• Buyer’s financing falls through
  • Move back in
  • Finally, sell the place and are home-free for one day before moving into our smaller home

It was time for a change.

The road to cheapskate

After experiencing the soul crushing broke-ness of hitting rock bottom that guilt, regret, and shame of years and years of wasting money and spending on pointless things can really do a number to your psyche.

I was more determined than ever to get ahead with money. To understand money. To learn whatever the hell it was I didn’t know about money.

That the hardest thing, isn’t it? When we want to know what we don’t know.

I didn’t know where else to start except for Financial Peace University, by Dave Ramsey. For the first time in my life, I had someone laying out a financial game plan for our how to win with money. I had phrases ingrained in my brain like,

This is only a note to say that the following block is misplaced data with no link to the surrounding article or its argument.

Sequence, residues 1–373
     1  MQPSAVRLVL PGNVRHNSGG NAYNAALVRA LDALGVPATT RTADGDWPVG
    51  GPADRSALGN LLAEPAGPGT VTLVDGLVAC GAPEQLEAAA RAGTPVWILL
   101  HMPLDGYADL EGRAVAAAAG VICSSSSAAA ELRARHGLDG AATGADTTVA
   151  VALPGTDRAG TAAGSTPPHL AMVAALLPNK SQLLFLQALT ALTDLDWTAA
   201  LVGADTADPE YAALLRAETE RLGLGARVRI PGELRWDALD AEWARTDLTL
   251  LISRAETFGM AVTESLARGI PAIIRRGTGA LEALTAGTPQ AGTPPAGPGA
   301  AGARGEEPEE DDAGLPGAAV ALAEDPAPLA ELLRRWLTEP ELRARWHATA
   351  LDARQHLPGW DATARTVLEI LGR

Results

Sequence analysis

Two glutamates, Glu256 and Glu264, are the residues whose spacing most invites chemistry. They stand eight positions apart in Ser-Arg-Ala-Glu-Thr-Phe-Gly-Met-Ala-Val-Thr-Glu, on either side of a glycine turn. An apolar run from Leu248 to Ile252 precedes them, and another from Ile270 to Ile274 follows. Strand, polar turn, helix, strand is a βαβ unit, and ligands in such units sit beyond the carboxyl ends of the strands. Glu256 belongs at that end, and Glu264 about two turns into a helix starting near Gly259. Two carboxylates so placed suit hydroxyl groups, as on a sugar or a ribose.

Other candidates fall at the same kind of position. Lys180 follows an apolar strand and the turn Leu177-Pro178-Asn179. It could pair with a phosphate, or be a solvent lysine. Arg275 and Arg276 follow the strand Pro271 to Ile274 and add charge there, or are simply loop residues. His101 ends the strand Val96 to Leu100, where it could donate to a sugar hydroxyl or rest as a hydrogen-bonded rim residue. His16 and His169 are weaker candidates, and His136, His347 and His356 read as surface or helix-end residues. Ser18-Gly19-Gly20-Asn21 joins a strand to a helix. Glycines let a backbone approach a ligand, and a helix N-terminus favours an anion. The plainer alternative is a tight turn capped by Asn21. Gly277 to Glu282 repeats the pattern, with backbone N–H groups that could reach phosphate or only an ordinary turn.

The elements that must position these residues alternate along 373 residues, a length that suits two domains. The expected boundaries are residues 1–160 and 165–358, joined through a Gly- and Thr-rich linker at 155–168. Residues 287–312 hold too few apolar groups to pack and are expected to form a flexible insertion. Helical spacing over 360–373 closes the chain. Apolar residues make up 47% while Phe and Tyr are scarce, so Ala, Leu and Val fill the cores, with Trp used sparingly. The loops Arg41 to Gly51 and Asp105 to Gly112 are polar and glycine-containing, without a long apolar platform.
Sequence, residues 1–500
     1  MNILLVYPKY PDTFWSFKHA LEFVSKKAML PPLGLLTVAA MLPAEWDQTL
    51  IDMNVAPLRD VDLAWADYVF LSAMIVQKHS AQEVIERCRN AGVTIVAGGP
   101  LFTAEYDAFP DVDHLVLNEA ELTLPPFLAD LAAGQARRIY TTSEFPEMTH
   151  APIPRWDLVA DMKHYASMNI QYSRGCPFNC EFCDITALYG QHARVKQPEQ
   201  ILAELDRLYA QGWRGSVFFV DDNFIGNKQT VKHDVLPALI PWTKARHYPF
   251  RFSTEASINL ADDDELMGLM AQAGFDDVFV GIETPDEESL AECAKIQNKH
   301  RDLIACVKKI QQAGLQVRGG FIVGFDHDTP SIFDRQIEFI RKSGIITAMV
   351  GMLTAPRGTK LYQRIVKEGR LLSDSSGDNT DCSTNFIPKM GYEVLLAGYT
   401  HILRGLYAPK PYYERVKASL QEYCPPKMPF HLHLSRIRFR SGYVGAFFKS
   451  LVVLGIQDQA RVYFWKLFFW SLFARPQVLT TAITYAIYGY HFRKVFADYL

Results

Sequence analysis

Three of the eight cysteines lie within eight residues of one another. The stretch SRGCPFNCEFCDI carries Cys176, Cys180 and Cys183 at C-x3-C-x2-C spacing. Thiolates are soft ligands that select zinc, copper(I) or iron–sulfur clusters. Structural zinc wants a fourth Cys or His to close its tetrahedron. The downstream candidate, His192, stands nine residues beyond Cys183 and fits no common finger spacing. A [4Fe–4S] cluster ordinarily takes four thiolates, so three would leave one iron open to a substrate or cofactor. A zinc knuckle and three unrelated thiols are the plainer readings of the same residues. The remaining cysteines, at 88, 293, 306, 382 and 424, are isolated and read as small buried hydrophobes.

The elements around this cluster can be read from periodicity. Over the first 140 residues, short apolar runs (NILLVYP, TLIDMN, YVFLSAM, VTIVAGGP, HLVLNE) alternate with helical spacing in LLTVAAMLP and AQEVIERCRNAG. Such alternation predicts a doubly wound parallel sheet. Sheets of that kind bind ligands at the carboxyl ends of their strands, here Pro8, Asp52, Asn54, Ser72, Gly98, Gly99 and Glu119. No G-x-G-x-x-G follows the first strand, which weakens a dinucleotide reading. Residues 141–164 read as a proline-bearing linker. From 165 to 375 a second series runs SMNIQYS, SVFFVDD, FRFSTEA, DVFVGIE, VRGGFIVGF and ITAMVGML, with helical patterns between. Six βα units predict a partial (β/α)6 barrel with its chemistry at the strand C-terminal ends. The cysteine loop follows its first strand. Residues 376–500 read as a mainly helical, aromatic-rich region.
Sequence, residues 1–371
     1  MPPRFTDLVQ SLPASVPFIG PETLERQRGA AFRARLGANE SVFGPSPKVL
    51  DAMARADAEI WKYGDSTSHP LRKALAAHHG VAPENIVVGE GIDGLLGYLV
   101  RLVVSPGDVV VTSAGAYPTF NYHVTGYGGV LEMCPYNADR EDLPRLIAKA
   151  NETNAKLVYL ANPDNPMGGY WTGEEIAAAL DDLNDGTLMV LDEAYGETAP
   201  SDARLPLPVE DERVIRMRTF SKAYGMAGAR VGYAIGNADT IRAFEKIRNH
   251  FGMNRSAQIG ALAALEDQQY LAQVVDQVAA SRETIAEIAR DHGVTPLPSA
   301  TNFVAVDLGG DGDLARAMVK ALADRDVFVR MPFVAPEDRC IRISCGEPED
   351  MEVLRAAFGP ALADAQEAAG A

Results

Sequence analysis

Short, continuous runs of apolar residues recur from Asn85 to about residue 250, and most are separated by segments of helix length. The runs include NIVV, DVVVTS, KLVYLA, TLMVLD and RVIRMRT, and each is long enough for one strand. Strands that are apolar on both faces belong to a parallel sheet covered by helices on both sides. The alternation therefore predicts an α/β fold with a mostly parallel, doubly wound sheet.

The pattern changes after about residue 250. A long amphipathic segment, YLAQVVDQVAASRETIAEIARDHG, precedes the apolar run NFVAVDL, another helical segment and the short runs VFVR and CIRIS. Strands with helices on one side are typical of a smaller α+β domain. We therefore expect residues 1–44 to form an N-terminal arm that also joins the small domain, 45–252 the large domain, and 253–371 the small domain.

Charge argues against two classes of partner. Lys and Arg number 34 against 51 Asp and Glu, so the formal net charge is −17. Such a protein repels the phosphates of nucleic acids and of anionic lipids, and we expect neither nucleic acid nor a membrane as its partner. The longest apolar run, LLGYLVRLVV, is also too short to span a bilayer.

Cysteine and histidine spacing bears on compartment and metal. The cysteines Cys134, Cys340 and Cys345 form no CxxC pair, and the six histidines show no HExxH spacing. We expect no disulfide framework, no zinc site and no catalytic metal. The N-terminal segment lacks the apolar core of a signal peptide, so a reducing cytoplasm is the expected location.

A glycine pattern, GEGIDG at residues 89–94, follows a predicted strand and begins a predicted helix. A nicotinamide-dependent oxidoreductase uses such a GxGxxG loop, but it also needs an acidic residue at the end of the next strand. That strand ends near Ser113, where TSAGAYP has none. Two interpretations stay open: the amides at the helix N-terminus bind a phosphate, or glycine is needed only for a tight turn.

• “You have got to be as intense as a gazelle outrunning a lion!”
  • “The borrower is slave to the lender.”
  • “If you are in debt, you don’t need to be going out to eat!”

Needing permission to spend

I was so thankful to have a game plan for my money and some idea of how to start getting ahead in life that I followed step by step every single thing that Dave told me to do.

He also let us know (actually, it was probably more his daughter, Rachel) that a budget is permission to spend. She made it sound like it was actually a good thing being a “spender” like she was. I loved that, but there was no other mention of fun spending in Financial Peace. No one told me that it was on to spend a little bit on myself here and there.